The author discusses the moral responsibilities that current generations have to future generations, and how arguing for protecting the rights of future generations is an effective answer to political arguments against taking mandatory measures to curb greenhouse gas emissions when these are unpopular with a democratic populace.
Climate Change, Engineered Systems, & Society Bibliography
Theoretical & Applied Ethics Vol. 1, Issue 42 2, Spring 2011
Reflections on Our Responsibility for the Future
Theresa Morris, State University of New York at New Paltz
The concept of responsibility is a central one in ethics but it seems to require rethinking when we consider the fact that oftentimes the consequences of actions in contemporary, technological society extend far into the future. To whom or what are we responsible, and how far into the future do our obligations extend?
In this essay, I consider the question of our possible responsibility for the future, specifically the future state of our planet, and the well-being of future people and other beings. I argue that we do have responsibilities to future people and an obligation to try to preserve and protect the planet and its living beings for the future, and I present a new concept of responsibility, one that provides a way of understanding our actions in light of concern for the future.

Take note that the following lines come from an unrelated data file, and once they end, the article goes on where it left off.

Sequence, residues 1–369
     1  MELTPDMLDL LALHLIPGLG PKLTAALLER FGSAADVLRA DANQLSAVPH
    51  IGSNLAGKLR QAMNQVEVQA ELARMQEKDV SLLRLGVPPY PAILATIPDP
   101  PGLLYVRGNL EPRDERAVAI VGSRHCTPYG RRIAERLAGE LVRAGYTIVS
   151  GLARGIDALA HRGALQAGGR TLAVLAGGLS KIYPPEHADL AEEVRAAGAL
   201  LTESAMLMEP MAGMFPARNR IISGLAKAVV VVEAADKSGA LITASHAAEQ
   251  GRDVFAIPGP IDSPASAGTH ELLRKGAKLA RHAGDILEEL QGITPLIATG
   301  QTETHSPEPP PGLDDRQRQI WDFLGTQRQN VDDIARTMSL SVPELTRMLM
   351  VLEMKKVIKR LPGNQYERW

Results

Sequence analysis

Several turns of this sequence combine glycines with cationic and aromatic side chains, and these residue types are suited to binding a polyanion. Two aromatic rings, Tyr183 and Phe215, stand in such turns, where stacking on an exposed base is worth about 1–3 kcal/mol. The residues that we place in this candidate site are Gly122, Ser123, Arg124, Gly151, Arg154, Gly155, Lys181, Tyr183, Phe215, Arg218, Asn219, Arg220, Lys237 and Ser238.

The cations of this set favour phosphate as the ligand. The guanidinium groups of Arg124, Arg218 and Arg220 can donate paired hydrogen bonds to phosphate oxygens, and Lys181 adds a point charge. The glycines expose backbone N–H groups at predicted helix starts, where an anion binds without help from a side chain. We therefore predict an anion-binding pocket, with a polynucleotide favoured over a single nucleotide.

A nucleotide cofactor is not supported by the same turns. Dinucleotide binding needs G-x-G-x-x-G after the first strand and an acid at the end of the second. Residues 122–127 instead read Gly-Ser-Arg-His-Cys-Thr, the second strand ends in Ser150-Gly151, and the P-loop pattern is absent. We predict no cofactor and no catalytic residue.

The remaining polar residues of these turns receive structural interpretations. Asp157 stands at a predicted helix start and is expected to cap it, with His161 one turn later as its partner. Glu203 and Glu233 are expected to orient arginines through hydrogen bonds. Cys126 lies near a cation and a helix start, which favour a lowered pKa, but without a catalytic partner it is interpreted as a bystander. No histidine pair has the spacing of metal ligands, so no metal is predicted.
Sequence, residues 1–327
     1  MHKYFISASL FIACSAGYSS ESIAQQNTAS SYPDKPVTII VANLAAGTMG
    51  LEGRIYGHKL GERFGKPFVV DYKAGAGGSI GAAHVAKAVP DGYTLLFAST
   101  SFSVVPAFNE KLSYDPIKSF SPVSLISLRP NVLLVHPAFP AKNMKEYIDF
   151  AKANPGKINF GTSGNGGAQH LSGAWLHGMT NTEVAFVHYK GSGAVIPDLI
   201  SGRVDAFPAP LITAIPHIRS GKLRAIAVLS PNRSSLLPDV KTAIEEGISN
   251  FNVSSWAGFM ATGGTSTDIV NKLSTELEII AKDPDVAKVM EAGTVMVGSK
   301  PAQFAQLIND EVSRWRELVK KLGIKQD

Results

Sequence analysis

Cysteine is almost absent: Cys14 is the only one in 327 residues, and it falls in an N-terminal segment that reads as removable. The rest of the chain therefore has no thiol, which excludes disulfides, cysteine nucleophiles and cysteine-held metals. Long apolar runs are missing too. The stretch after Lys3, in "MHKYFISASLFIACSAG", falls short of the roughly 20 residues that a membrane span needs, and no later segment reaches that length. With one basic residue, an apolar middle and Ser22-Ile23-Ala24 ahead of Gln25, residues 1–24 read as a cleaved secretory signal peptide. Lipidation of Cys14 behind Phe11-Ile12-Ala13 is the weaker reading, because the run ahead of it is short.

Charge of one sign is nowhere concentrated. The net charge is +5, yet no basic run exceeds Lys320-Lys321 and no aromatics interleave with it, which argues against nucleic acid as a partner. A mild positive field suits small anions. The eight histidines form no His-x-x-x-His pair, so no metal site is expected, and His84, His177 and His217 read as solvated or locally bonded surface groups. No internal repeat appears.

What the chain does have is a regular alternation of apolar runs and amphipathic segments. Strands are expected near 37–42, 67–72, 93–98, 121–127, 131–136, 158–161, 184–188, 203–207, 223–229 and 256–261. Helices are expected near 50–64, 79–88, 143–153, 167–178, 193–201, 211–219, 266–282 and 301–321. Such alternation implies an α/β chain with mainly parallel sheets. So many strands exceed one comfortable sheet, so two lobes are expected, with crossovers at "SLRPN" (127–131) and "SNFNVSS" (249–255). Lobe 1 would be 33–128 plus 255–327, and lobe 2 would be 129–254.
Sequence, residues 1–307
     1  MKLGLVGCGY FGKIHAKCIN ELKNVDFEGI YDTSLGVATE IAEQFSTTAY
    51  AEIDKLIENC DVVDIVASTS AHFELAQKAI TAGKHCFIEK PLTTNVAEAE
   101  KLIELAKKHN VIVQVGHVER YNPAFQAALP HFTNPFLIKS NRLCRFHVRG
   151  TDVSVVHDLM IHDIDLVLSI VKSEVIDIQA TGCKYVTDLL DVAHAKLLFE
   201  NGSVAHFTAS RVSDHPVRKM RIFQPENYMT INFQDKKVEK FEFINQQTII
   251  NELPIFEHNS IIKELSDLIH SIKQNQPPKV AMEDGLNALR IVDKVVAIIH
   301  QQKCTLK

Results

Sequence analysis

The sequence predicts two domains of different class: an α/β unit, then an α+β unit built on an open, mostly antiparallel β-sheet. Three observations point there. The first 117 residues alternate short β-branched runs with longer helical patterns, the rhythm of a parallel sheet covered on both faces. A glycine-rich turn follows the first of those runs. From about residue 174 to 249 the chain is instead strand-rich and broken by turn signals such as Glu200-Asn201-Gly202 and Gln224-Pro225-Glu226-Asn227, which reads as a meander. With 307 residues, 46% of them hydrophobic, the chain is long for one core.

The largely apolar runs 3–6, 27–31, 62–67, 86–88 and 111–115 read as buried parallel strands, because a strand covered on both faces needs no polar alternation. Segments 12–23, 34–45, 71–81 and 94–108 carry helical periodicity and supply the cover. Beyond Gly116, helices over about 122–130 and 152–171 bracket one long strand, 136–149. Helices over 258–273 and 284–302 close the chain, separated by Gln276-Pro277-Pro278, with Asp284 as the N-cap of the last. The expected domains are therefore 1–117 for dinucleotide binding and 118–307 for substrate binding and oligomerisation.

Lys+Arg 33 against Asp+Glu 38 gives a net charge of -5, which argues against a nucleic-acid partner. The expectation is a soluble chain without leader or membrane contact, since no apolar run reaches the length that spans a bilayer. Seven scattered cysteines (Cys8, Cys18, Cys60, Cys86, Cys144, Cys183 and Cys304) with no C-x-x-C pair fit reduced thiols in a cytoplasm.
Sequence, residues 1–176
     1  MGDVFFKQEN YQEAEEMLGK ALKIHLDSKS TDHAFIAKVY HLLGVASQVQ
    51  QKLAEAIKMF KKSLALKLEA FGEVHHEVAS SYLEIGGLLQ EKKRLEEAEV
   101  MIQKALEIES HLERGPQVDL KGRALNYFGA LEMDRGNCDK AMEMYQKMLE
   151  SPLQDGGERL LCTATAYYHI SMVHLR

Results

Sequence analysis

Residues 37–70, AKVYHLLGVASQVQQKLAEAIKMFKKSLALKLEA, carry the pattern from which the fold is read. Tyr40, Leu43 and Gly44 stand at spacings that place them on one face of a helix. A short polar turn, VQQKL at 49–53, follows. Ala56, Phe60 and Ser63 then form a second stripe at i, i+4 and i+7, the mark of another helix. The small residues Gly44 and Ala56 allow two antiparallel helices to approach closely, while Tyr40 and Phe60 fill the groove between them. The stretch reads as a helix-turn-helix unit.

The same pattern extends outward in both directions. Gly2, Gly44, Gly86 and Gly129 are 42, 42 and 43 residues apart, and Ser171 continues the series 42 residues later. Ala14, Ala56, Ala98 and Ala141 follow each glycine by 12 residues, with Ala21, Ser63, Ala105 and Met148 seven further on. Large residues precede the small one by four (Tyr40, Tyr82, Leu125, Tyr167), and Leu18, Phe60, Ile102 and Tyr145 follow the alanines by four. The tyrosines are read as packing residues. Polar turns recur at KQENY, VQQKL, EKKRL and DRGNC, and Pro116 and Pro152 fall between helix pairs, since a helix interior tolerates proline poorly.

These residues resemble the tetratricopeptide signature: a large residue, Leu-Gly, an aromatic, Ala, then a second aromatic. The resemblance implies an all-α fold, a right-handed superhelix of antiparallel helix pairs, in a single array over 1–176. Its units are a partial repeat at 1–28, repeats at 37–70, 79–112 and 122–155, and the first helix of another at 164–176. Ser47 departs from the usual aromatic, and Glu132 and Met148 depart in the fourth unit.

The central problem with an argument that considers the effects of present actions on the future world lies in the fact that those acting today will not exist in the world they are affecting with their actions.
Why should people, now living, care about the consequences of their actions on a future world whose inhabitants are currently non-existent? Even if held accountable by those future generations, no price for wrongful actions can be extracted from the dead. We lack the usual motivations for acting ethically in situations that might impact future generations, and though we may imagine angry voices condemning us for our lack of forethought and care some several generations into the future, we will never hear those words of contempt.
Despite this, Attfield (1998) argues that "intergenerational justice remains a serious possibility, as actual future generations which come into being, and find that they have been deprived by earlier generations of opportunities for satisfying some of their most basic needs, could reasonably criticize their ancestors for failing to facilitate the satisfaction of foreseeable vital interests" (p.211).
Ethical arguments struggle, however, when lack of proximity is a factor, for it is difficult to take into consideration the impact of our actions on those spatially distant from us.
This problem arises whenever we are asked to take into consideration or contribute to the welfare of those who live in distant places, those who do not share our community, and those whose suffering we do not directly experience.